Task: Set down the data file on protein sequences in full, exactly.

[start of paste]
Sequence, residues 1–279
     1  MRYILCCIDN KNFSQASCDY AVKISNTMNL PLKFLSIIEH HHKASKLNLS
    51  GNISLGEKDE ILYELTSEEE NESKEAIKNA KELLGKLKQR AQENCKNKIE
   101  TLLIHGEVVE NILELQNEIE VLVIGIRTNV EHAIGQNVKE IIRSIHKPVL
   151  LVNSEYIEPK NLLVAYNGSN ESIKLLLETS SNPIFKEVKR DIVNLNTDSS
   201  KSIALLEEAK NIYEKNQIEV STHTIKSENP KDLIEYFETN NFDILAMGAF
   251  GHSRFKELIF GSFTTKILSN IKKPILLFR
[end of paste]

Sequence, residues 1–279
     1  MRYILCCIDN KNFSQASCDY AVKISNTMNL PLKFLSIIEH HHKASKLNLS
    51  GNISLGEKDE ILYELTSEEE NESKEAIKNA KELLGKLKQR AQENCKNKIE
   101  TLLIHGEVVE NILELQNEIE VLVIGIRTNV EHAIGQNVKE IIRSIHKPVL
   151  LVNSEYIEPK NLLVAYNGSN ESIKLLLETS SNPIFKEVKR DIVNLNTDSS
   201  KSIALLEEAK NIYEKNQIEV STHTIKSENP KDLIEYFETN NFDILAMGAF
   251  GHSRFKELIF GSFTTKILSN IKKPILLFR